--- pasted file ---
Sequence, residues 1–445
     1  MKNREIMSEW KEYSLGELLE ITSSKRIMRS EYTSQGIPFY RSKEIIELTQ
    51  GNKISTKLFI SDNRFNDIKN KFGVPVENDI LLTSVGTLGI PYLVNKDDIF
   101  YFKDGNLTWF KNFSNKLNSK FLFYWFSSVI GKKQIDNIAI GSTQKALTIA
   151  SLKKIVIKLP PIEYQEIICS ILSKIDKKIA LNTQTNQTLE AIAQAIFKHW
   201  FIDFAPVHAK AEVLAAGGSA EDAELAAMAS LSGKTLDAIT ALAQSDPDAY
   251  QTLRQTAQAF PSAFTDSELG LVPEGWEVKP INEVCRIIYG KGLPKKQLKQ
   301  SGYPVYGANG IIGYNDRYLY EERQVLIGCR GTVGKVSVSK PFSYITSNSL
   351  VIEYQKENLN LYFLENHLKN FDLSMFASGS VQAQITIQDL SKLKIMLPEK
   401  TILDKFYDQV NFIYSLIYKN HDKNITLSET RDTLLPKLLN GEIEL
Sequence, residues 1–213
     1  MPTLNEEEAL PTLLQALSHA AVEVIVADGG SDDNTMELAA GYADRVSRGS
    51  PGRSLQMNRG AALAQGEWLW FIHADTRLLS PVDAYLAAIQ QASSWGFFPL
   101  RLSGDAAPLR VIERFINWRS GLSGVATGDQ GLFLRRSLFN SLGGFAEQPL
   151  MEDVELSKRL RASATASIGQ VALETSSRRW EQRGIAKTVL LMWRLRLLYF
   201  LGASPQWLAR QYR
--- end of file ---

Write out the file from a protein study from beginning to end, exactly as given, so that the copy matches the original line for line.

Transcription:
Sequence, residues 1–445
     1  MKNREIMSEW KEYSLGELLE ITSSKRIMRS EYTSQGIPFY RSKEIIELTQ
    51  GNKISTKLFI SDNRFNDIKN KFGVPVENDI LLTSVGTLGI PYLVNKDDIF
   101  YFKDGNLTWF KNFSNKLNSK FLFYWFSSVI GKKQIDNIAI GSTQKALTIA
   151  SLKKIVIKLP PIEYQEIICS ILSKIDKKIA LNTQTNQTLE AIAQAIFKHW
   201  FIDFAPVHAK AEVLAAGGSA EDAELAAMAS LSGKTLDAIT ALAQSDPDAY
   251  QTLRQTAQAF PSAFTDSELG LVPEGWEVKP INEVCRIIYG KGLPKKQLKQ
   301  SGYPVYGANG IIGYNDRYLY EERQVLIGCR GTVGKVSVSK PFSYITSNSL
   351  VIEYQKENLN LYFLENHLKN FDLSMFASGS VQAQITIQDL SKLKIMLPEK
   401  TILDKFYDQV NFIYSLIYKN HDKNITLSET RDTLLPKLLN GEIEL
Sequence, residues 1–213
     1  MPTLNEEEAL PTLLQALSHA AVEVIVADGG SDDNTMELAA GYADRVSRGS
    51  PGRSLQMNRG AALAQGEWLW FIHADTRLLS PVDAYLAAIQ QASSWGFFPL
   101  RLSGDAAPLR VIERFINWRS GLSGVATGDQ GLFLRRSLFN SLGGFAEQPL
   151  MEDVELSKRL RASATASIGQ VALETSSRRW EQRGIAKTVL LMWRLRLLYF
   201  LGASPQWLAR QYR